by Tom Kaneshige

Apple Gets Cozy with SF Police

Sep 06, 20113 mins
iPhoneIT LeadershipMobile Security

Like a George Orwell novel, it's getting hard to distinguish between Apple private investigators and police officers.

The first stolen iPhone prototype had all the intrigue of a Sam Spade novel. There was a drunk bar scene, black market dealings, a media scandal, and a police raid. But this time around – that’s right, another iPhone prototype has gone missing – it reads more like something out of George Orwell’s 1984.

Orwell probably wouldn’t be nearly as enamored with Apple as those on the local police force and city council.

Here’s the backstory on missing prototype number two: An iPhone, probably an iPhone 5 prototype, went missing at a tequila bar in the tough Mission district of San Francisco in July. Using GPS, Apple tracked the phone to a home. Two Apple private investigators and four San Francisco police officers in plain clothes, who according to SF Police Chief Greg Suhr were providing “civil standby,” went to the home.


The events that follow are a bit unclear. Sergio Calderon, 22, who lives in the home, told SF Weekly that they identified themselves as police officers and asked to search his house. “That’s why I let them in,” Calderon said. Suhr says his officers did not enter the home and participate in the search; he doesn’t know how Apple private investigators identified themselves. Impersonating police officers, of course, is a crime.

The missing prototype wasn’t found.

As stated earlier, police officers were providing civil standby to ensure that things wouldn’t get out of control. After all, no one wants to see what happened in China when an iPhone went missing from electronics manufacturer Foxconn. (Okay, that’s a cheap shot.)

Seriously, though, civil standby, often used in domestic disputes to keep the peace, should have been used in the Foxconn case. Two years ago, Foxconn goons went to the apartment of the suspect, Sun Danyong, 25, searched for the iPhone but didn’t find it and then roughed him up. Later that day, Danyong jumped to his death from the 12th floor of his apartment.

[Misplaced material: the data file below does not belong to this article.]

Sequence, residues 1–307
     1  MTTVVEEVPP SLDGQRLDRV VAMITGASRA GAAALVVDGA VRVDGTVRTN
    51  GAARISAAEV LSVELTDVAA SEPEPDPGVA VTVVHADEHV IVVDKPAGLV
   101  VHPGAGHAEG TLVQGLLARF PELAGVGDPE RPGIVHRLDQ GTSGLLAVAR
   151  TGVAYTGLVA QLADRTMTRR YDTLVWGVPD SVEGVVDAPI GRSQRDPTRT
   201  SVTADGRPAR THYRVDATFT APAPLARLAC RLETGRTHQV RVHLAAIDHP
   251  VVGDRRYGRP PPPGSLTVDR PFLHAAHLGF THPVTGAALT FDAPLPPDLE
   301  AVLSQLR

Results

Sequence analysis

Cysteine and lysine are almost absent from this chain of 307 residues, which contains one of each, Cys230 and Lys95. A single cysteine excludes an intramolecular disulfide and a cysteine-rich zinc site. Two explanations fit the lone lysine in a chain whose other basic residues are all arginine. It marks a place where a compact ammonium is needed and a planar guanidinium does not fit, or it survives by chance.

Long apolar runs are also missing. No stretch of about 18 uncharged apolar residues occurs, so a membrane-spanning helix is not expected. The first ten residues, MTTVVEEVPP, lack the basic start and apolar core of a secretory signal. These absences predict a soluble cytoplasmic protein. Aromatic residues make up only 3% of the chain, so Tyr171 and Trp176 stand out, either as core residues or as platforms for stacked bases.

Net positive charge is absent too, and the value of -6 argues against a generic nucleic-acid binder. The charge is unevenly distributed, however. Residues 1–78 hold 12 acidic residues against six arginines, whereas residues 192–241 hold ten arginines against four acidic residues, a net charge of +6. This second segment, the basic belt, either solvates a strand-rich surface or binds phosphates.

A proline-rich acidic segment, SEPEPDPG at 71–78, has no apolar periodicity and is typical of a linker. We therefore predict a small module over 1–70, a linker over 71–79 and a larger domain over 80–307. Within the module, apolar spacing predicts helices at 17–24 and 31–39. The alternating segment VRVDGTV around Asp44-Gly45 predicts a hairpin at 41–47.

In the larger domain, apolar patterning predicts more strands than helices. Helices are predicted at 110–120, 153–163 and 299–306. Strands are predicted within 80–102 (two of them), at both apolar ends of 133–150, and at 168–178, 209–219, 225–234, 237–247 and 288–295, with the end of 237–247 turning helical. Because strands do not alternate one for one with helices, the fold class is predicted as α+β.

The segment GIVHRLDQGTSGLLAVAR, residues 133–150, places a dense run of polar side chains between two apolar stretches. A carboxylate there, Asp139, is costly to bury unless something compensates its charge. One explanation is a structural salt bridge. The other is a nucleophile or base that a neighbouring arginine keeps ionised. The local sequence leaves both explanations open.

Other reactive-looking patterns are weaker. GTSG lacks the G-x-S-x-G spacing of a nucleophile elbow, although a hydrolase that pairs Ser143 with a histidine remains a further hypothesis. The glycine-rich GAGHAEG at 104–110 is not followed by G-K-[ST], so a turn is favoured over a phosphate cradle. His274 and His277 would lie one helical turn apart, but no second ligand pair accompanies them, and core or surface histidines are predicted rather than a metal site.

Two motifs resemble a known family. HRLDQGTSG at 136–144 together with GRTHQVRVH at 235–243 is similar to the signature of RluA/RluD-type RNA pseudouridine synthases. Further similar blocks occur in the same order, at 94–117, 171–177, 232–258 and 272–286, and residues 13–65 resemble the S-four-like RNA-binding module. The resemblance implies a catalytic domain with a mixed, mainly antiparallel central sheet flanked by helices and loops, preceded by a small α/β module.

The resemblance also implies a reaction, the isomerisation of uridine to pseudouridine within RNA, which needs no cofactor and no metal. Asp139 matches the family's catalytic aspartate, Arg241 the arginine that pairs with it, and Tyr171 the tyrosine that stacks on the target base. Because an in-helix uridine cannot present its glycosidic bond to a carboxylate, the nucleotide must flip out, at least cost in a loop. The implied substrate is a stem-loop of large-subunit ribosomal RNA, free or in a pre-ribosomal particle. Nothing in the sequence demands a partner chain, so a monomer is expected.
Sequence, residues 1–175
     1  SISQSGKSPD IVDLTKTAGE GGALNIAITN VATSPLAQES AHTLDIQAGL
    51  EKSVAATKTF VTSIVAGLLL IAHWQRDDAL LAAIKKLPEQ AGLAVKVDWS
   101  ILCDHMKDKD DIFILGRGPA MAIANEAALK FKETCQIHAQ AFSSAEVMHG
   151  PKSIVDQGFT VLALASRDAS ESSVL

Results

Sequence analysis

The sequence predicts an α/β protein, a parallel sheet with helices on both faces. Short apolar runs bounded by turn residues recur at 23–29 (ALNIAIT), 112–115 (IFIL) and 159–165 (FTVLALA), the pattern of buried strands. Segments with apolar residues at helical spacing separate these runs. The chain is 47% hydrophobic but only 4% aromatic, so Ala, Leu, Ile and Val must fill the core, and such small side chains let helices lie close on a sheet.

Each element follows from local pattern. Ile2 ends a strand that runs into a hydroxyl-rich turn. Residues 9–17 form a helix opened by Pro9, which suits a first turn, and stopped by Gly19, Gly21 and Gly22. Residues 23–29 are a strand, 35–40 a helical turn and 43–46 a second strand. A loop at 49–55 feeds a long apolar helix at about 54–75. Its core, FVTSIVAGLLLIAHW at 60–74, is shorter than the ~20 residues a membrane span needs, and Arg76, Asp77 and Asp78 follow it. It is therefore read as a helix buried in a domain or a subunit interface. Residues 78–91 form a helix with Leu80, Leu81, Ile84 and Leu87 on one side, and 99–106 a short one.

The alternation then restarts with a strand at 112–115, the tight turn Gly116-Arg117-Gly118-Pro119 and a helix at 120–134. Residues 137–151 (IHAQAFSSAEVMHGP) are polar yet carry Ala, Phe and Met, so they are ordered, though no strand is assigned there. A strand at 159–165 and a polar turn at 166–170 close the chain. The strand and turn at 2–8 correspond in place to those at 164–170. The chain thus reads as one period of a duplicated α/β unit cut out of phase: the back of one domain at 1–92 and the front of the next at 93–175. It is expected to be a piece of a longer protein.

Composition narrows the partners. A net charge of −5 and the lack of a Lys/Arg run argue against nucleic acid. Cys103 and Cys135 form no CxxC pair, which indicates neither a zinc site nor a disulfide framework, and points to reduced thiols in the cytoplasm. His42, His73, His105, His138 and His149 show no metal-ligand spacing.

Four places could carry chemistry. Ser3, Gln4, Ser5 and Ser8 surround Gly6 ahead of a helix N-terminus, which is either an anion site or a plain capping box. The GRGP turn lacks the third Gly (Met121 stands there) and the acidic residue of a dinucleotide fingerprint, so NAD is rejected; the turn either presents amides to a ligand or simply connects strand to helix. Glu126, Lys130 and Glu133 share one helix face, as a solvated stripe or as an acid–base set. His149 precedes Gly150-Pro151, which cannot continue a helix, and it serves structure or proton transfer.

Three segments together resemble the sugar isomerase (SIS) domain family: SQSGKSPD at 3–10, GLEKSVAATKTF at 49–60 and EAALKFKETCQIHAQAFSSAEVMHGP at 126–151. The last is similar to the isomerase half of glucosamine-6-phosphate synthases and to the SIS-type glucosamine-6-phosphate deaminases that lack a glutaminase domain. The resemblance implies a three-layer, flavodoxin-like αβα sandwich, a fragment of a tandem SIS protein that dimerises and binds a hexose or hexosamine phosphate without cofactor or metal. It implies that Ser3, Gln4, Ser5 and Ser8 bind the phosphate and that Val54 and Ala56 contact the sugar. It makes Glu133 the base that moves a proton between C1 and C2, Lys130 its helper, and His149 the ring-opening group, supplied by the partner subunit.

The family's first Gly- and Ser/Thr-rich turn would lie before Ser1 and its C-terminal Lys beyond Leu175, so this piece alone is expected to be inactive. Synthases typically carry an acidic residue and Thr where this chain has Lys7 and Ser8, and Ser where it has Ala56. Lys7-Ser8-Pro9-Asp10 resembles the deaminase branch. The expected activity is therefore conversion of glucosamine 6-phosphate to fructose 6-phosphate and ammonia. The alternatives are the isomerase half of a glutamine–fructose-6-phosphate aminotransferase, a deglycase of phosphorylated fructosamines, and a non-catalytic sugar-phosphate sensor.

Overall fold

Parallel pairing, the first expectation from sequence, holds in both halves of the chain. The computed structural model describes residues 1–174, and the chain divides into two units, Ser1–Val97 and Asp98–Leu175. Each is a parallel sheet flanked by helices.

But San Francisco sending four police officers to assist a private company to find a cell phone seems a little much. Then again, you need to know what Apple and its founder Steve Jobs mean to Silicon Valley and San Francisco.

Last month, Silicon Valley wept on the news of Jobs resigning as Apple CEO. Silicon Valley had lost a favorite son – one who epitomized its rebellious, creative, innovative spirit. This loss was catastrophic. Never mind that all of the hand-wringing is over a change in CEO leadership at a single company.

Earlier this summer, Jobs presented his plans to build a massive spaceship-looking building to a fawning Cupertino city council. The building is expected to fly through the approval process. Let’s hope council members are able to wipe away their tears of Apple admiration and consider the local impact. (For more, check out Apple’s Spaceship Campus: What’s the Message?)

There’s no question Apple holds tremendous sway over the denizens of Silicon Valley and San Francisco and their government entities. The fact that it’s getting hard to distinguish between Apple private investigators and San Francisco police officers reminds me of another Orwell novel, Animal Farm:

“The creatures outside looked from pig to man, and from man to pig, and from pig to man again; but already it was impossible to say which was which.”